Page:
As we begin today’s service, I want to acknowledge that we hold this service of remembrance and commemoration on Indigenous land. Following the “Gold Rush” of 1849 and California becoming a state in 1850, the United States government began the stated process to establish formal relationships with tribal communities. The unstated intent of this process was to extinguished Indigenous title to the land, and forcible move people to areas that were not desired by Whites. Throughout 1851 and 1852, three commissioners negotiated with tribes up and down the state creating the alphabet treaties – Treaty A through to Treaty R.
Liberty Cemetery, and Petaluma in general, sits on the unceded land that was once home to the Me-wuk (or Coastal Miwok) and Graton Rancheria people. It was included in Cession Tract 297 of Treaty P in 1851, which was designed to cede all claim to the territory and remove the people to the Clear Lake Reserve.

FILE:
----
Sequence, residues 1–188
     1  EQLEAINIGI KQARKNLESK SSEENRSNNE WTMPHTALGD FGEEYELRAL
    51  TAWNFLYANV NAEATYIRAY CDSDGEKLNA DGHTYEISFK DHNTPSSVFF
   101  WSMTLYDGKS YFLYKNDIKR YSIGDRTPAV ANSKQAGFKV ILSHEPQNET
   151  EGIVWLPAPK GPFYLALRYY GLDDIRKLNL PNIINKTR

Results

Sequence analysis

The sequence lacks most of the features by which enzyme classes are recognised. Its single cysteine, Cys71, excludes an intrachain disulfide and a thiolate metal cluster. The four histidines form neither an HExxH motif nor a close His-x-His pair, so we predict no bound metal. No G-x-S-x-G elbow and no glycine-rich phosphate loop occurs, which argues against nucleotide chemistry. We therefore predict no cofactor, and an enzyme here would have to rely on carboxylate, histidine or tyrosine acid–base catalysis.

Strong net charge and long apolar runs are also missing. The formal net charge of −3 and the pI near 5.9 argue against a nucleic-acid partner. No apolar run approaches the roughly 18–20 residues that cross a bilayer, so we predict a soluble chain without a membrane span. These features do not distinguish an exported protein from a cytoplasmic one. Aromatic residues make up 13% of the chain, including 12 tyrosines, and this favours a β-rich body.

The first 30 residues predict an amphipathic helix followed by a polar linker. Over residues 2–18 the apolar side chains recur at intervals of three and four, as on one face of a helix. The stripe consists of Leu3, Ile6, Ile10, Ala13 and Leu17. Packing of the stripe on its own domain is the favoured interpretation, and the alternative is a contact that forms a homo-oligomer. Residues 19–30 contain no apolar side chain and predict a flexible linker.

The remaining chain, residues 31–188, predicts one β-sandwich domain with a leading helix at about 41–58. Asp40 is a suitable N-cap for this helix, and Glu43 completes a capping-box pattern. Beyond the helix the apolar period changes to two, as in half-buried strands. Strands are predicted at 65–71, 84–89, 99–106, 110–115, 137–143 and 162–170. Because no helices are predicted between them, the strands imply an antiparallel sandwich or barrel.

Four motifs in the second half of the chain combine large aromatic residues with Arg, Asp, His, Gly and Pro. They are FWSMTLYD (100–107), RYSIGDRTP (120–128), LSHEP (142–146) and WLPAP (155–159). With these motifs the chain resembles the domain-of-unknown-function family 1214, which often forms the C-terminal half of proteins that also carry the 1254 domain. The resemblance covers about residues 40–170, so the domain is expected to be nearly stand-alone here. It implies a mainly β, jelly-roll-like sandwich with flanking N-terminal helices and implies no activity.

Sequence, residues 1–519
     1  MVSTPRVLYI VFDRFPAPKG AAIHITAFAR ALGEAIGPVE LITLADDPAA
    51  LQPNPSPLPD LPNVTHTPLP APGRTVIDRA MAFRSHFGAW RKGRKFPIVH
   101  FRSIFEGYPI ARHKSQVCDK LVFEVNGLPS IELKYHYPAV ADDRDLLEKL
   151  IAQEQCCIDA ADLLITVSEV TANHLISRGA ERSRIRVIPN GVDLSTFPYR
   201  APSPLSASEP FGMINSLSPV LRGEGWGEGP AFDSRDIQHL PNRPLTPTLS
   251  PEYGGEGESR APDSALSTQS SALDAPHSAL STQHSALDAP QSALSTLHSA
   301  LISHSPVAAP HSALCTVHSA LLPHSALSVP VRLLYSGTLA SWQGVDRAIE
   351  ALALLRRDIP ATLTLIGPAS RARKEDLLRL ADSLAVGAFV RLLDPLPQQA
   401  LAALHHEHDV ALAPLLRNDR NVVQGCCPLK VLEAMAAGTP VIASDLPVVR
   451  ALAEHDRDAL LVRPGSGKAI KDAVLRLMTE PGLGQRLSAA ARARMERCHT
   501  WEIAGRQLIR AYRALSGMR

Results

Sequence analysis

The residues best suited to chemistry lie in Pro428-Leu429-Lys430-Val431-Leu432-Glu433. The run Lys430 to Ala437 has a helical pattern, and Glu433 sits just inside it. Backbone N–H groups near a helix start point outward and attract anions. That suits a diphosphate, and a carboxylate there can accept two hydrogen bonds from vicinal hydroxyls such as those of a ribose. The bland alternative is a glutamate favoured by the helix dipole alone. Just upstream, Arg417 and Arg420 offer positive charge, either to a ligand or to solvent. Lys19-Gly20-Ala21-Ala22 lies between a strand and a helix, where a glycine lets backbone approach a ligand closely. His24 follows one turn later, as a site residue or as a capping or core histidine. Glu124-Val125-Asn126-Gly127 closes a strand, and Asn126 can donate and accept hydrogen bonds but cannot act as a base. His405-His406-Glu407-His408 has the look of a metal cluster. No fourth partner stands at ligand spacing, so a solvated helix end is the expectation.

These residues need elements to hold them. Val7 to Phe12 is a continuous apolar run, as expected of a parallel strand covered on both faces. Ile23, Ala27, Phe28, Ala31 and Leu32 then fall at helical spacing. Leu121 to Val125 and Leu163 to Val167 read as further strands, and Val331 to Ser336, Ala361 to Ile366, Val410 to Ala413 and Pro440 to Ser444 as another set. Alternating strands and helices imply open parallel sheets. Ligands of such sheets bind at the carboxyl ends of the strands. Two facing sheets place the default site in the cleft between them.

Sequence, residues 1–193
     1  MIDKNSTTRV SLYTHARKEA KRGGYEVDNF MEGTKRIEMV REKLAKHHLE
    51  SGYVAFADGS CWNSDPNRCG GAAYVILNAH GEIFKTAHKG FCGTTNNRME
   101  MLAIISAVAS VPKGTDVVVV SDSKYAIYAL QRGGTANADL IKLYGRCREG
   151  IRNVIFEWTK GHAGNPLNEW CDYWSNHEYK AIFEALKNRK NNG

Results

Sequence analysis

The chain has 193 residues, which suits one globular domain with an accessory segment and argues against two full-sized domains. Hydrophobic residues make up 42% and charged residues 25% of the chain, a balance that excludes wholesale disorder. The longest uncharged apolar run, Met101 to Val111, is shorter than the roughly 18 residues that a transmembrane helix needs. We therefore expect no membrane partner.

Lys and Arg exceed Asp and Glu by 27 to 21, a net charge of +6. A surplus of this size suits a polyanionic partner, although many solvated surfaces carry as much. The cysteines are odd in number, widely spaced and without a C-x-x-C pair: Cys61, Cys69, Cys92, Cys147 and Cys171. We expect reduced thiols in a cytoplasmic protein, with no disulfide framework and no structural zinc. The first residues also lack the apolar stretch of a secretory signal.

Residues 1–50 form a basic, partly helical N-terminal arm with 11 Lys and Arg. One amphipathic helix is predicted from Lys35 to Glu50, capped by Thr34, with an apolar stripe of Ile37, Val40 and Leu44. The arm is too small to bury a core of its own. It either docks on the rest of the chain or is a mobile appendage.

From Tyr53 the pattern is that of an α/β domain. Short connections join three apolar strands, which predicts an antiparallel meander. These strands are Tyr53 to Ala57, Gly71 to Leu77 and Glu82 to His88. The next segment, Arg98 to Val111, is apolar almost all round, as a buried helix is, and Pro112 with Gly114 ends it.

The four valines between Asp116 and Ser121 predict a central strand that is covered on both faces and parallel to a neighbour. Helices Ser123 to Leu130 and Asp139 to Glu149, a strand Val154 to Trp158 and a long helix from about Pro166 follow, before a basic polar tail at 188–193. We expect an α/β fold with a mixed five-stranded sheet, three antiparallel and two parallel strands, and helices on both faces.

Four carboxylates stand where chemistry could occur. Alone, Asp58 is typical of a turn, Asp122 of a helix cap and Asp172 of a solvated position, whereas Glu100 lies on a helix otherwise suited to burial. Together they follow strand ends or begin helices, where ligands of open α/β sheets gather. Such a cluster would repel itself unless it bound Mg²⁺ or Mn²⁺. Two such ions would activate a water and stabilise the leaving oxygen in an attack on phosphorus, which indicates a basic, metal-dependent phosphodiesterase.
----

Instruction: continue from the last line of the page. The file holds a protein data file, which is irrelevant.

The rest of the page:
However, the US Senate would later fail to ratify these treaties because if Mexico had not originally recognized the Indigenous titles to these lands, then there was no need for the US to even enter into treaties to take the land. As such, the land we stand on today is unceded territory.
It is important to understand that both the existence of the treaties and their contents were held in secret until 1905, which meant that for over 50 years the Indigenous tribes of California had no right to exist. Additionally, while the US Government were negotiating these treaties, the newly formed State of California passing laws to authorize and pay for the extermination of Indigenous people or to provide for their enslavement.
Today, as we remember those who have bravely answered their country’s call to service, we should also remember and acknowledge the people indigenous to this land, their culture, their language, and their freedom – all of which were stolen from them.